Mollie Jenckes:  That was a good question.  Do not forget the training for all the evaluators; even the inside evaluators may come from another unit and may not be familiar with the area they are evaluating. 

Karen Migdail:  Mollie, can you repeat the link for the tool, please?

Mollie Jenckes:  Can you go with another question while I look that up?

Karen Migdail:  Absolutely.  We will turn to Christy, and then we will come back to that. Christy, do the recommendations for patient evacuation and tracking address how evacuees will be moved back to their homes.

Christy Music:  Actually, yes, it does.  Repatriation, back to their homes, or to another final destination would be included in this tracking initiative.

Karen Migdail:  Great.  Tom, does the Hospital Surge Model take into consideration the potentially significant number of "worried wells" that can overcome a hospital.

Tom Rich:  Excellent question. It does not.  That is, obviously, something that hospitals need to consider.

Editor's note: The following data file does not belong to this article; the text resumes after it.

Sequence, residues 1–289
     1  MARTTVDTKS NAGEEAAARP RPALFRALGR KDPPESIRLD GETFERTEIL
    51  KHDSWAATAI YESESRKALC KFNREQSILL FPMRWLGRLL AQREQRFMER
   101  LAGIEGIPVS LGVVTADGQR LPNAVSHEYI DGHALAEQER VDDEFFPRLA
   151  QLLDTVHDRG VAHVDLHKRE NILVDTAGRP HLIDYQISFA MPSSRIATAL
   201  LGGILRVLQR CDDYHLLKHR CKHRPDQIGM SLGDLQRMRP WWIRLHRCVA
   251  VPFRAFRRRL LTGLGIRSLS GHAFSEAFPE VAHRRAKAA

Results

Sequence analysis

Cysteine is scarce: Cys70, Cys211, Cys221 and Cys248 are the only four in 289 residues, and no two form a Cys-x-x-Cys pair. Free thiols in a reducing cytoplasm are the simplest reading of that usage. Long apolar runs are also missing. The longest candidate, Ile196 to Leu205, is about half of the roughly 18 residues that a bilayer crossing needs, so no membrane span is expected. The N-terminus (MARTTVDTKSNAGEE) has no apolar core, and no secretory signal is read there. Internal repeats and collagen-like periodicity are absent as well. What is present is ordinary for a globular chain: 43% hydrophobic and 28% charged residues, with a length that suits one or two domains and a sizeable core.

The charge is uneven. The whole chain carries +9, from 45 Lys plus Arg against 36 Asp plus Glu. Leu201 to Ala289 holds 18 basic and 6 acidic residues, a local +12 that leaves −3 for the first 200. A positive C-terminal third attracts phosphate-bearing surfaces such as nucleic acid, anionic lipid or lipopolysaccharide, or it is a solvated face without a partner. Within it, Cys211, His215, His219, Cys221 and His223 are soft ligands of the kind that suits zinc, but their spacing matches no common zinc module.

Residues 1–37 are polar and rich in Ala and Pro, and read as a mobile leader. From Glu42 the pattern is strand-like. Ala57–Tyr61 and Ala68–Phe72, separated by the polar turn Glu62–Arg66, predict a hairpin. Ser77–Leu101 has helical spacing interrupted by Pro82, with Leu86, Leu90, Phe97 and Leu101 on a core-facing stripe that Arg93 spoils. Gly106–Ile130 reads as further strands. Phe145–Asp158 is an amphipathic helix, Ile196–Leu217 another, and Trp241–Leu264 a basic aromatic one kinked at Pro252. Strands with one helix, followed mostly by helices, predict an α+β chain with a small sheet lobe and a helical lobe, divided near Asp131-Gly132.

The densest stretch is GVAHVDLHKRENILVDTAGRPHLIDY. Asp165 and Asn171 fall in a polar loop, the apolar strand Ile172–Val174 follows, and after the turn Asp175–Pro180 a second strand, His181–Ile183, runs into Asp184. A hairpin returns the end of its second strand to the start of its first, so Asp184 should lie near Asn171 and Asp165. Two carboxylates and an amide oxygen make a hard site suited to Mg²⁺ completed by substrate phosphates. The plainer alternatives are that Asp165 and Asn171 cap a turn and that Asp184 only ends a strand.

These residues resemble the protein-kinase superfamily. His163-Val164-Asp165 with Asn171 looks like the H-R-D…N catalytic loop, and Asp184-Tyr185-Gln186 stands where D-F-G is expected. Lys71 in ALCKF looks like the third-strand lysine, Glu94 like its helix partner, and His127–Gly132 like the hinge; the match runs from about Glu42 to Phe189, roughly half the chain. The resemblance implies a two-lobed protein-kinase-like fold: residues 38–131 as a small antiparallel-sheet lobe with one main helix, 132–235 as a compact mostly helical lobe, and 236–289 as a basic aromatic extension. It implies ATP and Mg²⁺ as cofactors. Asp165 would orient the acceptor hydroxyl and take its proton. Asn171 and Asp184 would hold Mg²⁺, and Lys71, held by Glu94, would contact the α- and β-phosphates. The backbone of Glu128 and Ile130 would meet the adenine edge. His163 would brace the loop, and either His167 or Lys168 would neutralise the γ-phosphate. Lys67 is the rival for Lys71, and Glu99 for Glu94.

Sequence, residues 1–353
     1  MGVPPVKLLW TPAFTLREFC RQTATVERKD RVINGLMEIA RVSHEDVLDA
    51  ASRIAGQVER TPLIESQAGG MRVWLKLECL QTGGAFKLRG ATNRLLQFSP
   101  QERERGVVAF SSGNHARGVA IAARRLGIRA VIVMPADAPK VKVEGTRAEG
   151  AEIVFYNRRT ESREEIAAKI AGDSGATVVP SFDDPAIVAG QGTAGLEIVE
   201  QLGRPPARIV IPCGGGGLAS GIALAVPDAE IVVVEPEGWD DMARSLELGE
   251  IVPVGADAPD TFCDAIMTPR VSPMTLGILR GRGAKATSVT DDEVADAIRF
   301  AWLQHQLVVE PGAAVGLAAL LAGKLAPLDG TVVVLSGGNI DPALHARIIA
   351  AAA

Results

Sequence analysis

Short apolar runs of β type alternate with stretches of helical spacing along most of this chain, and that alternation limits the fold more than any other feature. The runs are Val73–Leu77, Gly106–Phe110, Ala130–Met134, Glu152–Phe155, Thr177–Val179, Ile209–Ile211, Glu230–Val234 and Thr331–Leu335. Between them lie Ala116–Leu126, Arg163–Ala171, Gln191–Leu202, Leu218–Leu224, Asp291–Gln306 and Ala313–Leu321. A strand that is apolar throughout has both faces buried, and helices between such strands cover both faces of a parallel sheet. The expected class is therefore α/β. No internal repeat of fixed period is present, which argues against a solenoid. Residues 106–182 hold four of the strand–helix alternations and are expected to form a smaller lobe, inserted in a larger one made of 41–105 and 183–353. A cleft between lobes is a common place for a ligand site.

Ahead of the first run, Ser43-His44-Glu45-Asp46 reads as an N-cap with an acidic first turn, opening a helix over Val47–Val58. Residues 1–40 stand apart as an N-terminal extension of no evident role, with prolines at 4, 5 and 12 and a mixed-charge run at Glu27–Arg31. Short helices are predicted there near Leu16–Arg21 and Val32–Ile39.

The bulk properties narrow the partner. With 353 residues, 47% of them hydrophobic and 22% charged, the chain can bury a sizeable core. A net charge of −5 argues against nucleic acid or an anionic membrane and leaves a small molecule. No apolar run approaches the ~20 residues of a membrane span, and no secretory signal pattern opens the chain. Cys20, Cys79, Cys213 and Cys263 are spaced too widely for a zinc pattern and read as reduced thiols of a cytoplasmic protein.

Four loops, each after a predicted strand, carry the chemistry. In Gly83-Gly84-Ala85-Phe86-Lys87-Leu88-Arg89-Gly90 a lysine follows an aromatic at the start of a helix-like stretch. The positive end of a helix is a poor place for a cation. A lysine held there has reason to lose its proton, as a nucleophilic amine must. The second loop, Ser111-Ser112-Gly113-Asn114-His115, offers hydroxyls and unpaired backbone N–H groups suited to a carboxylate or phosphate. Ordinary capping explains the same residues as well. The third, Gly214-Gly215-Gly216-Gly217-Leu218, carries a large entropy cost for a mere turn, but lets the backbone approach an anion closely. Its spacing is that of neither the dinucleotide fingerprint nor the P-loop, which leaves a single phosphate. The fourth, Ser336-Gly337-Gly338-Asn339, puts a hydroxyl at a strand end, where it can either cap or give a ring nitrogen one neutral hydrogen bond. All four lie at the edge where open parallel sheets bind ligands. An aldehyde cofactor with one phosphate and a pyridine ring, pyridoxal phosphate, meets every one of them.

Karen Migdail:  Mollie, you are going to give us the link?

Mollie Jenckes:  Yes.  The names of the publications are Evaluation of Hospital Disaster Drills: A Module-Based Approach (AHRQ Publication No. 04-0032 April 2004) and the Tool for Evaluating Core Elements of Hospital Disaster Drills (AHRQ Publication No. 08-0019 June 2008).  The way I find it is I go to http://www.ahrq.gov/ and input the tool names into the search field and they all pop up.  You can see the complete and core both with their graphs; click on them and they will come right up.

Karen Migdail:  Great.  Thank you very much.  Tom, you stated your model was suited for optimal care.  Any plans to expand your model for disaster or crisis standard of care?

Tom Rich:  That is something that certainly could be done and is something that has been talked about.  Again, I want to emphasize that we are assuming optimal level of care.  We will see.  Great suggestion, though.